[INTERVIEW] Naver's cloud ambitions are hovering over Southeast Asia
Cloud computing is a business that experienced exponential growth during the pandemic: it's the technology that allows people to work and go to school from home.
Naver, Korea's top internet company by market capitalization, pulled off a double-digit annual sales growth in cloud computing through the pandemic. It's now looking beyond its home turf, where its internet portal made it a giant, and cloud computing is a big part of those ambitions.
To compete with big tech players like Google and Amazon, Naver is vowing to invest 80 percent of annual sales from Naver Cloud, an affiliate responsible for the cloud business, into personnel recruitment and research and development of advanced cloud technologies.
The initial target markets to expand its cloud computing business will be Southeast Asian countries. Naver can tap into a number of start-ups it invested in in countries like Indonesia. It made big investments in ride-hailing app Grab, Indonesian e-commerce platform Bukalapak and Vietnam's media start-up POPS Worldwide.
The Korea JoongAng Daily sat down with Park Jong-yeol, leader of the business strategy division at Naver Cloud, to discuss the unit's expansion overseas.
Q. Naver Cloud has cited Southeast Asia as a target market for the coming years. Can you specify the countries of interest?
A. We have selected Singapore as a central point of executing the cloud business in the Asia region since the city-state is Southeast Asia’s hub for innovative technology and financial businesses. Some of our cloud computing services have been available outside of Korea, but starting in December, we will make a more diverse range of offerings – comparable to the offering in Korea – available in southeast Asian countries. We have a special interest in Indonesia, which is home to about half of unicorn start-ups based in Southeast Asia including Gojek and Bukalapak. The presence of successful start-ups could translate into opportunity for us because they will likely build cloud infrastructure for their businesses. So, Indonesia is the market we pay the highest attention to.
Vietnam is another location of interest because of the country’s close business ties with Korea and a culture well-aligned with that of Korea. But the overall market size for [cloud computing] remains small in Vietnam given the lower demand for cloud services both from digital start-ups and big companies. We concluded it would take some time for the market to be more embracing of the cloud. Still, we will keep an eye on the market, because Vietnam is a place where Korean companies such as Samsung Electronics, SK and Hyosung run production lines.
We also plan to bring a broader range of cloud services to Japan next year.
Naver Cloud said in September that it is already in discussions with fintech start-ups in Southeast Asia to collaborate on the cloud business. Can you detail the type of partnerships or any ongoing talks?
Naver is betting big on Southeast Asian start-ups, making multiple rounds of strategic investment. The push is also intended to integrate Naver’s technologies and services including cloud into the platforms of the invested start-ups. Naver Cloud is not just a cloud business affiliate; the unit was designed to do Business-to-Business deals by selling proprietary tools and systems to corporate clients.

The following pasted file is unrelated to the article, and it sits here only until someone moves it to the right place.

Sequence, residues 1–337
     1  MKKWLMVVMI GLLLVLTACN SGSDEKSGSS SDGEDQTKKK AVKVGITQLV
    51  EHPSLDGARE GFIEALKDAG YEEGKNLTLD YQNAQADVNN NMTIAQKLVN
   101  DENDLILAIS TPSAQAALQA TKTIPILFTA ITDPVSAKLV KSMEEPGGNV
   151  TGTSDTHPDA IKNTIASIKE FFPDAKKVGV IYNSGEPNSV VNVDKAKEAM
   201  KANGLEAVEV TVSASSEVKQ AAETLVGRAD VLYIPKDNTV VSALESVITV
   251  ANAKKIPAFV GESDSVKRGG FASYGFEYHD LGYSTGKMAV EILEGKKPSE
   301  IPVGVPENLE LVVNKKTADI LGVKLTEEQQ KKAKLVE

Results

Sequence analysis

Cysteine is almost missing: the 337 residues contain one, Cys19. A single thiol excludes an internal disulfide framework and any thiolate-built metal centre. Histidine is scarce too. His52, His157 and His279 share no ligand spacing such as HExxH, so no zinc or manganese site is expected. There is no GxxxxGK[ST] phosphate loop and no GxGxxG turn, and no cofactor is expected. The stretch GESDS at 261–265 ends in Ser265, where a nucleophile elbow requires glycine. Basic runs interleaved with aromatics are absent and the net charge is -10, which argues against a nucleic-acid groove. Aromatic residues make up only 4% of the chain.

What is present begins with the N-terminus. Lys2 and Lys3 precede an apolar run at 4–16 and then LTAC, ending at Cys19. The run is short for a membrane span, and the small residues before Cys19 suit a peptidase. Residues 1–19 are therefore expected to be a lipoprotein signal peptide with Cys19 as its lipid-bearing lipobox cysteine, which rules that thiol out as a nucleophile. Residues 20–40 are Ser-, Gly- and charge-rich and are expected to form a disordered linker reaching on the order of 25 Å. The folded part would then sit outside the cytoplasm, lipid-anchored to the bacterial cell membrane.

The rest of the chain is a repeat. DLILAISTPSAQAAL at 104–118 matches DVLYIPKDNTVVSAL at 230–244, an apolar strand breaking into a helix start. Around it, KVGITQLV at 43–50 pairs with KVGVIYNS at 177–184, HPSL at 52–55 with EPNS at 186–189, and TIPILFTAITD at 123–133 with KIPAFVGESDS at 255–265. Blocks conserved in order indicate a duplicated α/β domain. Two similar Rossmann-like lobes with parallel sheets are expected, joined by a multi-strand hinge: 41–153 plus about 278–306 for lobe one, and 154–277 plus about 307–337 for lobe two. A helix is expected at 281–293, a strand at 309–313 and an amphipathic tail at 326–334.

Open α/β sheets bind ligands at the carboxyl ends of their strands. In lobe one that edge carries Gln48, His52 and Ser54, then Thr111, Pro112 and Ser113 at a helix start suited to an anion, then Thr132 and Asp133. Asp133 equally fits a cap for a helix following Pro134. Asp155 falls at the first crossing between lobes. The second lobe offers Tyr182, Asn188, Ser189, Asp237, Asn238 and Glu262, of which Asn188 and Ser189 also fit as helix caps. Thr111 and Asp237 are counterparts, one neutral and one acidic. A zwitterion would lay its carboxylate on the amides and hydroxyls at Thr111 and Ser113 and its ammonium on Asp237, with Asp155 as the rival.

In this context, we are trying to target the invested start-ups in Indonesia and Vietnam, but their areas of business are not limited to fintech. They also include e-commerce players and media companies. So, Naver’s plan to expand the cloud business in overseas markets goes hand-in-hand with its investment strategy.
How do you convince companies to use Naver Cloud instead of competitors?
Naver is not well-known in Southeast Asia, although Line messenger has strong brand recognition in some countries. When we pitch ourselves, we often describe Naver as a company that combines expertise from Google and Amazon. We operate a search engine that has not been defeated by Google and run one of the largest shopping platforms in Korea.
As you noted, the cloud business is dominated by deep-pocketed tech firms like Google, Microsoft and Amazon. How can Naver distinguish itself from them?
Naver’s strength lies in its commitment to serving clients with customized cloud offerings. The big three companies have a range of standardized products and clients may need to adapt themselves. As a latecomer, we have to develop from scratch ways to meet the needs of our clients. If a client request a function Naver Cloud doesn’t have, we try to add the feature. What I've learned is that the U.S.-headquartered companies are less willing to accept all the requests they get in different locations.
Naver Cloud users get access to a wide variety of tools and services encompassing search engine, e-commerce and media-related features. The services can be easily added into the client’s cloud service. For instance, if a client wants to introduce live stream shopping onto their platform, they can simply do that using our media cloud service.
Is there any new service Naver Cloud plans to bring to the overseas markets?
The latest services concern an analytics function for e-commerce users and platforms designed to support live streaming, as we have seen growing demand from e-commerce operators dealing with a surge in users, especially after the pandemic outbreak. CLOVA AiCall'l service is well-received by insurers as it allows for automated customer service calls.
BY PARK EUN-JEE [firstname.lastname@example.org]